Editor’s note: With this post, VisionAware is rolling out a new series on “Dealing with Crime or Domestic Violence As a Person with a Disability.” In this series, you will find articles on the disturbing statistics on crimes against people with disabilities, information and resources on domestic abuse, and personal stories that two peer advisors have written about their own experiences. We are also offering information on self-defense techniques that have been adapted or developed for people with vision loss, including the 1Touch Project™ that DeAnna Noriega discusses below.
Last July, I attended one of the training sessions held at the American Council of the Blind Conference and Convention in Minneapolis. Personal safety for the blind and visually impaired has always been an interest of mine. Being of small stature throughout my childhood and youth, I was often the target of malicious teasing and even some stalking incidents when I was a young woman.
Staying Safe Is Important
One of the reasons I enjoy working with guide dogs is that I feel safer and more confident with a guide dog than a white mobility cane. My German Shepherds are especially good at keeping casual strangers from invading my personal space or grabbing, shoving, or pulling me in a mistaken belief that I need assistance. My cane skills are above average, but they require me to focus intently on every possible sound, scent, and change in texture beneath my feet. My guide dogs take care of the small stuff and allow me to focus on the larger picture of remembering the route and processing things like traffic flow.
Learning Street Smarts
I have attended workshops before that emphasized using street smarts and avoiding situations that increase my vulnerability as a woman who is visually impaired. As a teenage girl, my uncle showed me some basics of judo to use leverage and momentum to disable an attacker. However, I must admit that in frightening situations, I tend to respond first with girl-type natural defenses like biting, screaming, scratching, and the like. These aren’t really appropriate when someone doesn’t mean me real harm but resorts to physical contact in a misperception that I need help.
I am by no means athletic, and at 68 years old, I am stronger than I look, but still not someone who can intimidate anyone.
1Touch Project™ Designed for People Who Are Blind
The presenters at the 1Touch Project™ workshop, Executive Director, Stephen Nicholls and Executive Administrative Assistant, Miranda Brown, don’t see their program as just another self-defense class.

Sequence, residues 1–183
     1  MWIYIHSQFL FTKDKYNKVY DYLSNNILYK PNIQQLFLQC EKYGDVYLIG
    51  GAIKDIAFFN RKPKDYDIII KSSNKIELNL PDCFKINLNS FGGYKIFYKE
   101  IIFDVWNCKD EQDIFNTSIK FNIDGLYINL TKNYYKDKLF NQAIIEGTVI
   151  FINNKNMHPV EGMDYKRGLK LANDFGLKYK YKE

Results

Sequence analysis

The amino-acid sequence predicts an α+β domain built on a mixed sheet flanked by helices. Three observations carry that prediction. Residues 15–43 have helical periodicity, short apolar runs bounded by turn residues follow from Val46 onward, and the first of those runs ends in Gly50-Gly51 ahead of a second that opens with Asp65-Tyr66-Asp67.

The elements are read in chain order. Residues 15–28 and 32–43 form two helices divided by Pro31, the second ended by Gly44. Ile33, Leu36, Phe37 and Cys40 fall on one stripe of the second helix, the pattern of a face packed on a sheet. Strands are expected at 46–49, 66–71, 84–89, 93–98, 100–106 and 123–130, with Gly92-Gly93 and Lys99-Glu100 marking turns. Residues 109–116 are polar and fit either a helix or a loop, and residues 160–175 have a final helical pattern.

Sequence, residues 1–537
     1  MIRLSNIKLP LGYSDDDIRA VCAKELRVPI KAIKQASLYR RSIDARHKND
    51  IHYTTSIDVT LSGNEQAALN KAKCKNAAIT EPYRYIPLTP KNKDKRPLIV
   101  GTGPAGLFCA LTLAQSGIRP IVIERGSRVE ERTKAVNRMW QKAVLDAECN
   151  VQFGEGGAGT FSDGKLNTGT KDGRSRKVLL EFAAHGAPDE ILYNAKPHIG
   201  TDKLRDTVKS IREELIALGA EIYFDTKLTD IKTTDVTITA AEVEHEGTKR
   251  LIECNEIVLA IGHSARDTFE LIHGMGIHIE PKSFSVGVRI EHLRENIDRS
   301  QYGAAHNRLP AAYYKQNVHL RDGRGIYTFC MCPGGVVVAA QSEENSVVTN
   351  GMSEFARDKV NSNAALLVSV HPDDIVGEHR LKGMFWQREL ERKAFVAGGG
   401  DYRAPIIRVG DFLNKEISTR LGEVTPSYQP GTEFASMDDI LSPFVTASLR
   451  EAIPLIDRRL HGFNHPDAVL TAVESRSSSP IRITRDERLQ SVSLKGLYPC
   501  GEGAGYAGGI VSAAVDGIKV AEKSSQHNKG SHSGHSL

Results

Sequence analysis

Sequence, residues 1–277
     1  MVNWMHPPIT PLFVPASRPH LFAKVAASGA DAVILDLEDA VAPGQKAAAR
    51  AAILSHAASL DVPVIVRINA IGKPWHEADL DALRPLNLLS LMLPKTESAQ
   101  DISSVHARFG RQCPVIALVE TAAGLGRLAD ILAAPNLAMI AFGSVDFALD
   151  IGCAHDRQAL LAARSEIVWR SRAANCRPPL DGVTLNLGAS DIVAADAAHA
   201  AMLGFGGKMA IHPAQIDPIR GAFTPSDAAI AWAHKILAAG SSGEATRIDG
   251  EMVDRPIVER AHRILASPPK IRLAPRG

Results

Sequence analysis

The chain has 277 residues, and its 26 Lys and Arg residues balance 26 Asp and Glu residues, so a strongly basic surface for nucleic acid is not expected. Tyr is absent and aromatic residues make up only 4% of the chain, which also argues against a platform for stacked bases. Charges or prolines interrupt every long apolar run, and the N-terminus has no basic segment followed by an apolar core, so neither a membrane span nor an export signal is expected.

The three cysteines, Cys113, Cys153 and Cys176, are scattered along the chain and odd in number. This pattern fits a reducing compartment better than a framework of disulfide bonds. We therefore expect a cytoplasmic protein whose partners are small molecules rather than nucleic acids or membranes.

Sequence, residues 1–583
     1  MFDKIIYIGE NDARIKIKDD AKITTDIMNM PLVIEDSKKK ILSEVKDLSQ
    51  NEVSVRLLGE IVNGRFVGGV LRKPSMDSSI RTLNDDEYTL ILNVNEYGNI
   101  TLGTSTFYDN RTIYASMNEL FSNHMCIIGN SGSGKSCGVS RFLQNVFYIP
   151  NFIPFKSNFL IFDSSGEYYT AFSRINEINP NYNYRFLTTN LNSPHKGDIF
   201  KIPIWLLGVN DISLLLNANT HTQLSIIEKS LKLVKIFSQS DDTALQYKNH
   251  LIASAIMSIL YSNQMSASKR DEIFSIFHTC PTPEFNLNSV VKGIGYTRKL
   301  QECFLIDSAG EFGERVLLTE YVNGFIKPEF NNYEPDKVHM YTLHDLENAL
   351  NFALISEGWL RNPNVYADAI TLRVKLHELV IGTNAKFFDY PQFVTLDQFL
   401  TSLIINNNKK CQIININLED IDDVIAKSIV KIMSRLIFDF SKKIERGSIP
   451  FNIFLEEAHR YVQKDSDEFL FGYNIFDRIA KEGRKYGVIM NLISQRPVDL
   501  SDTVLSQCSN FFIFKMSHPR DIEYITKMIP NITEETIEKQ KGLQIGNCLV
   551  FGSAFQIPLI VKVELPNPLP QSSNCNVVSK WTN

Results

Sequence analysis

Mr. Nicholls has been trained in martial arts since he was 13 years old. He has worked with police and people of all ages as a martial arts instructor. However, in 2009, one of his students who was employed by the RNIB in England asked him to train a group of 20 blind individuals. Stephen was intrigued by the idea of working with a population that required something different in approach from regular martial arts instruction. He believes that 20 percent of self-defense is physical prowess and 80 percent is knowing there is something more important than simply being afraid.
Goal of 1Touch Project™
The goal of the 1Touch Project™ is to change the perception of people who are blind or visually impaired. Whether the aggressor intends harm or not, blind people have a right to be treated respectfully.
What “1Touch” Teaches
During the short workshop, he led students through breaking a hold when someone grabbed an arm or shoulder. Whether the person doing the grabbing is a predatory individual or simply an overly zealous person wishing to be of assistance, it can feel like an invasion of a blind individual’s personal space. Disengaging the grip can make it clear that the blind person is capable of taking charge of themselves. Other things we were taught involved postures that emphasized we were not helpless blind people, but individuals who deserved the same respect as anyone else.
Find Out More About the Program
Mr. Nicholls has personally trained and vetted 53 trainers to teach the concepts and principles of his program in the United States. He and his team of trainers have taught self-defense techniques to over 2,800 visually impaired people in the past year. To find out more about this nonprofit program, visit the 1Touch™ Self Defense Project’s website, send an email to firstname.lastname@example.org, or reach someone by phone at 319-208-1683.
This year, Mr. Nicholls is speaking at the AFB Leadership Conference in Crystal City on March 2, 2017.
More Information about 1Touch
Second Sense has recently offered a class on 1Touch and Polly Abbott, CVRT and Director of Rehabilitation Services, has written a great blog post about why to take a self-defense class.
Talk to your medical doctor and eye doctor before participating in any self-defense program. Some eye and medical conditions can be affected by athletic activity that includes bending, lifting, straining, or pulling.